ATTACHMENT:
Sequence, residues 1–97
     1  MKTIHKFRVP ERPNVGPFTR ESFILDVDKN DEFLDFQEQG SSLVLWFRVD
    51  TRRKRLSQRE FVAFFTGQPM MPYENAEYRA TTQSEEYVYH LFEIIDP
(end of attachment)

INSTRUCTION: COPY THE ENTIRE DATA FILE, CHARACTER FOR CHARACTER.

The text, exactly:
Sequence, residues 1–97
     1  MKTIHKFRVP ERPNVGPFTR ESFILDVDKN DEFLDFQEQG SSLVLWFRVD
    51  TRRKRLSQRE FVAFFTGQPM MPYENAEYRA TTQSEEYVYH LFEIIDP